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Chapter 8: House of Dreams

Posted by on Jul 1, 2015 in Vidar's Boot: Chapter 08 | 0 comments

– 1 –

Posted by on Jul 1, 2015 in Vidar's Boot: Chapter 08 | 0 comments

“We have reached the limit of what we can do on land,” decides Cheryl, at the last.

She slams down the blueprints on the table. They unroll.

“If we are to kill such things as wolves and serpents,” she says, “I think, we must first rise up to conquer space.”

Tom looks at the blueprints.

“It is a boot,” says Tom.

They have gathered there to listen: the House of Dreams.

Cheryl reiterates: “In space.”

Tom looks at her sideways. “You can’t just make anything scientific by adding ‘in space,’” he says.

Cheryl shrugs.

“I’ve tried,” Tom says, softly. “You know. Space and time are closed to me.”

“If necessary,” says Cheryl, “we can make an astonishing space boot using Lethal Corporation funding and ordinary, un-dreaming science.”

Tom’s lower eyelid twitches.

“He took them from me,” says Tom: space and time, he means, and Jeremiah Clean.

Then he closes his eyes. He opens them. He looks haggard for a moment. He looks small.

“But fine,” says Tom. “Tell me how to do it. Open up this path for me, which I can no longer see.”

“It’s impossible,” Cheryl decrees.

– 2 –

Posted by on Jul 1, 2015 in Vidar's Boot: Chapter 08 | 0 comments

Tom squints at her.

“I have speculated,” says Amber, after a moment, “that the world is as it is because of the passing of some . . . sense-making figure, right? Some entity or entities that held all of time and space into a single coherent shape?”

“That fits,” says Keith.

“We crawl within the warped lens of our existence,” says Amber. “We strive to reach things —”

“Space,” says Cheryl.

“Meaning,” says Harold.

“A happy ending,” wryly observes Tom.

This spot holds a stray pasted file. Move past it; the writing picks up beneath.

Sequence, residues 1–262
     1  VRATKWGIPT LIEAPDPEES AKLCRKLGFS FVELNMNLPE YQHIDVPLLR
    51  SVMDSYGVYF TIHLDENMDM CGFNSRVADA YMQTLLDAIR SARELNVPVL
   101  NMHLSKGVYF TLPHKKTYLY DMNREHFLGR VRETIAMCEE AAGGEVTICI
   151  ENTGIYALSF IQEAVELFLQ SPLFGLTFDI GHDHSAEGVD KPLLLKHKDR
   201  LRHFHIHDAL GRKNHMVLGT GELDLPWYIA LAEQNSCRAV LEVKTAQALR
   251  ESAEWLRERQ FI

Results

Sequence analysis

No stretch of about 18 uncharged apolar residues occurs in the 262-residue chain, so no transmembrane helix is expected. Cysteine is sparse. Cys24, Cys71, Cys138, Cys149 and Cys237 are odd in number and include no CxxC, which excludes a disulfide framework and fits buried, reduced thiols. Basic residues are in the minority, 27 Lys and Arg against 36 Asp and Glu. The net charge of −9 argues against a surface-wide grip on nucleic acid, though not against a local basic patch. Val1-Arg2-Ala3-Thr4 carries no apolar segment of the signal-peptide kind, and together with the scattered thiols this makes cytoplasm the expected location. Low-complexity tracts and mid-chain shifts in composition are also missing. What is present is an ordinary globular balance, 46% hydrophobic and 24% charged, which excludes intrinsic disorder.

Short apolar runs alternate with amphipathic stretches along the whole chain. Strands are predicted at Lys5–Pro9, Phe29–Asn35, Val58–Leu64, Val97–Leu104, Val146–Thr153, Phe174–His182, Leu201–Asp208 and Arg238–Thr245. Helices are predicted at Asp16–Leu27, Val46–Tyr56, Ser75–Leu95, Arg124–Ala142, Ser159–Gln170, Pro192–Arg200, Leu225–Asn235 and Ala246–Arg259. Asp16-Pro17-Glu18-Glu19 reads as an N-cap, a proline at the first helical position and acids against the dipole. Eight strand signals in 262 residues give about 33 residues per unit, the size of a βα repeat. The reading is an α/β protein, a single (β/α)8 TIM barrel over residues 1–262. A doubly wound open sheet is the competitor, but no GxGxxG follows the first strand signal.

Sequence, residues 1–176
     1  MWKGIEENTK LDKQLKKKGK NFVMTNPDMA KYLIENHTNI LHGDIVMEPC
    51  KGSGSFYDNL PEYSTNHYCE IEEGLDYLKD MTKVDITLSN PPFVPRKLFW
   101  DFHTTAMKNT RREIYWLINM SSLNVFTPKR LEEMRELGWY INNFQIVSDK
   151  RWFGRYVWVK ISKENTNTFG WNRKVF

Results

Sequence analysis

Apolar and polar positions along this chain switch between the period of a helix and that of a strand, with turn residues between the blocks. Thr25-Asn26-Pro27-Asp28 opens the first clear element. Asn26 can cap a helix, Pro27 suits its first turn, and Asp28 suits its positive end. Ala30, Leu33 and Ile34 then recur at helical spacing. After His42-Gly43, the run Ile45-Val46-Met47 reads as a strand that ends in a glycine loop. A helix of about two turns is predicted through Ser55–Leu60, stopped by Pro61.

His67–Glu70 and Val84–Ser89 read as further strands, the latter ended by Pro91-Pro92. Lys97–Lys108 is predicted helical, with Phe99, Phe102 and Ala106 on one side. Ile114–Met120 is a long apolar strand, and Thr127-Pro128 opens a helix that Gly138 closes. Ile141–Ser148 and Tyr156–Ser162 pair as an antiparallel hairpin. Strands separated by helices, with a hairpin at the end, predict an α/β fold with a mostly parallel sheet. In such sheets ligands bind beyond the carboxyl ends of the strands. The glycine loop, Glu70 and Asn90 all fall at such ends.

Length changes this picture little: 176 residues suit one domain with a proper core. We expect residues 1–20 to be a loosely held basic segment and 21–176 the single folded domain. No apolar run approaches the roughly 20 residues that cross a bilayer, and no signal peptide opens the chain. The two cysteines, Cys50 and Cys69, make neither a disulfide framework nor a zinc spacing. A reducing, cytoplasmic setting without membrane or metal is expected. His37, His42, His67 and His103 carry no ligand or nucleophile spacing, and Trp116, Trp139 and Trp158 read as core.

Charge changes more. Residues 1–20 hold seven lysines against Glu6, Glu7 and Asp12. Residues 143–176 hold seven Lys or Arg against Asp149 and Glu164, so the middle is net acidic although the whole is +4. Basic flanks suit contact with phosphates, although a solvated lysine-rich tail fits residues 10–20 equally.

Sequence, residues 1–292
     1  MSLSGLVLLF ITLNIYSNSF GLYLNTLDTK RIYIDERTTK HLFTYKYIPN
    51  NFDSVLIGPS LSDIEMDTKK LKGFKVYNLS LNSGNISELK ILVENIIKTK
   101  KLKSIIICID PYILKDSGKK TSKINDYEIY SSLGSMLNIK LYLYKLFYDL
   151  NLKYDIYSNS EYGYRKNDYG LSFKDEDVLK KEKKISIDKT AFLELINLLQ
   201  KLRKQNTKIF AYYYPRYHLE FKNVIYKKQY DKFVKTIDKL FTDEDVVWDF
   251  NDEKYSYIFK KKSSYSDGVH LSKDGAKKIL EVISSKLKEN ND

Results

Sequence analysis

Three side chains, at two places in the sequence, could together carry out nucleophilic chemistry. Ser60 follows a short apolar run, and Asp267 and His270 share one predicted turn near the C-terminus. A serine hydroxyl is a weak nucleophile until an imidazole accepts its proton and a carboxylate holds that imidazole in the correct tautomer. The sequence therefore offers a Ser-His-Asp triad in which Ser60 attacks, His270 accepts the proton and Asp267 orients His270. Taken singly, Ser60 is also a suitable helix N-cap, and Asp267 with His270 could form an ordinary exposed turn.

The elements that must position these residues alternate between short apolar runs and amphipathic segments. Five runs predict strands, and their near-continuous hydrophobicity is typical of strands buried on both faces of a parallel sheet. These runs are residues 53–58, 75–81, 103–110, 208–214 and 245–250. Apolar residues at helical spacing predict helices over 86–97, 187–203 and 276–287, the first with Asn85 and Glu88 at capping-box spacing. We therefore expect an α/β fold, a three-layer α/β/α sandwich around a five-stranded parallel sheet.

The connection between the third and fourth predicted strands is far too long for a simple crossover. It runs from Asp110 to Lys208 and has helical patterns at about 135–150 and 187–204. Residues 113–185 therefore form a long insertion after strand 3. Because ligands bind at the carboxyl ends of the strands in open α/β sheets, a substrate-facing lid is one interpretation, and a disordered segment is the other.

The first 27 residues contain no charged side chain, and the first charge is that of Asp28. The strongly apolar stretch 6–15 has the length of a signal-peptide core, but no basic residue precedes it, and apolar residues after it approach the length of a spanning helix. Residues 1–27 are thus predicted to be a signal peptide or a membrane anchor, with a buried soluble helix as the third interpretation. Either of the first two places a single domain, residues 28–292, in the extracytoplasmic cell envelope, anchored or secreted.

“But they are projections of our reason onto the space that is no longer accessible from here. It is like believing that we live in three dimensions, when we in fact dwell on the surface of a warped space-time frame — a sort of a sheet of cling-wrap stretched over the image of a world.”

“That’s too bleak!” Tom protests.

“Not at all,” says Amber. “The solution is obvious. It is staring us right in the face. To escape our boundaries, we must turn at right angles from our own thinking.”

“Think,” says Tom, “as we are not thinking. Act, as we are not acting. See, then move tangentially to ourselves?”

“Exactly so,” Amber says. “Though, I do not know how it may be accomplished.”

Cheryl is grinning. She is waiting.

Tom pores over Cheryl’s plans.

“I can’t actually,” he says, “make head or tail of these papers. Cheryl, there are two major problems with this amazing boot-based space station.”


“Well, first, it appears to me that your space elevator pulls itself, and the boot atop it, up into position.”

“Yes,” she says. “It’s a bootstrap.”

“And second,” he says, “the explanation for this is ‘a miracle occurs.’”

“Oh!” says Amber. “That makes sense.”

“Does it?”

“Well, of course,” says Amber. “The House of Saints is at a right angle to our thinking, and the House of Hunger is at a wrong one. We just have to model ‘what would Peter do?’ or ‘what would Edmund do?’ any time we want to exceed the scope of our ordinary thoughts!”

“I’ll smush scissors!” says Keith, who is very familiar with Peter.

“I’ll complain about wolf dander?” suggests Tom, who knows Edmund quite well.